Lessons From an Evaluation of the Effectiveness of an Asthma Day Camp

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Abstract

Purpose:

To evaluate the effectiveness of applied teaching methodologies in a camp setting on asthma self-management skills in school-age children.

Design:

This was a descriptive pilot study using a one-group pretest-posttest design.

Sample:

Thirty-four subjects, ages 6 to 12 years, representing a typical clinical population of children with asthma.

Methods:

Children's asthma knowledge, symptoms, behavior, and mastery, as well as peak-flow technique, were measured 2 to 3 weeks before camp and then again on the last day of camp. Baseline measures of parents' asthma knowledge and family stress related to asthma were obtained. Outcomes specific to asthma management, such as missed school days, emergency room visits, and hospitalizations, were evaluated by parent report the year before and after the intervention.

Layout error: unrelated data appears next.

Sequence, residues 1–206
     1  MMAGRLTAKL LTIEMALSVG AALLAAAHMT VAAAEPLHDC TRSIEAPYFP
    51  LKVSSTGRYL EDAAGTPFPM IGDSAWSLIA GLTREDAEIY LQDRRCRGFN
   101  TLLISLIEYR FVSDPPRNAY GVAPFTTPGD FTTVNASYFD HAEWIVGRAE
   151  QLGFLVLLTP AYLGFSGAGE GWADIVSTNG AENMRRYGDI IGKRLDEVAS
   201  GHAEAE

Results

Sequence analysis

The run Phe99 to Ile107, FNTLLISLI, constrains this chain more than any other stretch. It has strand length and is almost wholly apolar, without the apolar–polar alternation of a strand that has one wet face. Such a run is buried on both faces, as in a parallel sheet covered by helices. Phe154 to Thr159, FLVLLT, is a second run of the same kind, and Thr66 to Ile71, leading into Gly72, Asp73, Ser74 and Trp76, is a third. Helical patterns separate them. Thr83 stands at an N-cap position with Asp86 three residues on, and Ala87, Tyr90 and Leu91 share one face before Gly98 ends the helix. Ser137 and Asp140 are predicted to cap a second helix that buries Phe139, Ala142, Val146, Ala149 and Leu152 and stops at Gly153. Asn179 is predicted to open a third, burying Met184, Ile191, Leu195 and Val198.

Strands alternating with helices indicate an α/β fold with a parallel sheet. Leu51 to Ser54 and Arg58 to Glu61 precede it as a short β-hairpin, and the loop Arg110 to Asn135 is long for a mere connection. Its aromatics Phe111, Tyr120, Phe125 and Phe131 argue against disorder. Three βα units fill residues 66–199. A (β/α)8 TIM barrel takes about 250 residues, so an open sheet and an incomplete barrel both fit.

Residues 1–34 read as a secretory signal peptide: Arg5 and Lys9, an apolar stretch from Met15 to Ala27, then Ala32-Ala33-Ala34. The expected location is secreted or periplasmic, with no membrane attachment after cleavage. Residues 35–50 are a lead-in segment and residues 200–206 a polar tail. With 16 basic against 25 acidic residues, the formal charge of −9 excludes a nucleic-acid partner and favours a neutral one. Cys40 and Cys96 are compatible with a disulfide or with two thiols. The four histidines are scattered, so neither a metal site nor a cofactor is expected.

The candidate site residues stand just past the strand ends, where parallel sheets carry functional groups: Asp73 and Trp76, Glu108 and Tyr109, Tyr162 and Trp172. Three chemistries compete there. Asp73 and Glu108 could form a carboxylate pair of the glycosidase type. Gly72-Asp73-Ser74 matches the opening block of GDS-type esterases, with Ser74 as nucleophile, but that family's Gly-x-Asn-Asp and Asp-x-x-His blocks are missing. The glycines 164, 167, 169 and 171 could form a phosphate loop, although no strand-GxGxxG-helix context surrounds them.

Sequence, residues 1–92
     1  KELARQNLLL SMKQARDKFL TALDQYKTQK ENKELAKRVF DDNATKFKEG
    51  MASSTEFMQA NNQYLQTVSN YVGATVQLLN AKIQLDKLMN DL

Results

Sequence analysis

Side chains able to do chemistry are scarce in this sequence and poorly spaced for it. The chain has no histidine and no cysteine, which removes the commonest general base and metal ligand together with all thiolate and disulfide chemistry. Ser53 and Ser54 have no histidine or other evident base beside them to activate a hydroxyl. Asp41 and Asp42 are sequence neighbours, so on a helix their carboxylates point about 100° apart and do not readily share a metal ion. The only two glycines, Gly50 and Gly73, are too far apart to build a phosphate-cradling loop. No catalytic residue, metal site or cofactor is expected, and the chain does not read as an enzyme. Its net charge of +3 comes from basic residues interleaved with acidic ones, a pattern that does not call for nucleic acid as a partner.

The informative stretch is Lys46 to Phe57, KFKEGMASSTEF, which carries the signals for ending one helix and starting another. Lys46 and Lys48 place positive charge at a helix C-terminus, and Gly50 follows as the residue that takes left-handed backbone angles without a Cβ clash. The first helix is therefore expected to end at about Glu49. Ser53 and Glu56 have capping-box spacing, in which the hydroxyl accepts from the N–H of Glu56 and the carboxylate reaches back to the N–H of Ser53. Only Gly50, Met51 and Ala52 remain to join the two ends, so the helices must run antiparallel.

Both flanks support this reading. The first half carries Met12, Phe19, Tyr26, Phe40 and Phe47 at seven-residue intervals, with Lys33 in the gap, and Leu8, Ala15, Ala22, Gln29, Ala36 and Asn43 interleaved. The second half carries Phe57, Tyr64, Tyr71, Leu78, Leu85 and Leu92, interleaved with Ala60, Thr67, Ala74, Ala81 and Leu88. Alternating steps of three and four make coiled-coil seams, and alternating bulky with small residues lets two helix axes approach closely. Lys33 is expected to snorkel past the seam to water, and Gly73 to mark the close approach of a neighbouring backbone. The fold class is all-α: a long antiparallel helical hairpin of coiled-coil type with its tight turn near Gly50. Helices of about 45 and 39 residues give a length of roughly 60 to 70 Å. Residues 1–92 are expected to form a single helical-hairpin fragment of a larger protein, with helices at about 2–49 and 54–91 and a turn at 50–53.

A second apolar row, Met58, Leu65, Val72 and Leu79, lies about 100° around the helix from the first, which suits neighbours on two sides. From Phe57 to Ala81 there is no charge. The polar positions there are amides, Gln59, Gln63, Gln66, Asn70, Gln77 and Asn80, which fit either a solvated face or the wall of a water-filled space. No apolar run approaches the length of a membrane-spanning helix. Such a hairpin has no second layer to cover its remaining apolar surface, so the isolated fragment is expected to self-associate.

Results:

Significant improvement in peak-flow technique and a reported reduction in emergency room visits and missed school days after camp were found.

Clinical Implications:

In this pilot study, the use of an applied teaching format for school-age children in an asthma day camp resulted in some learning. More rigorous design and instrumentation are important for better evaluation of programs such as this. Nurses working with these populations should plan structured evaluations of the programs so they can best meet the children's needs.

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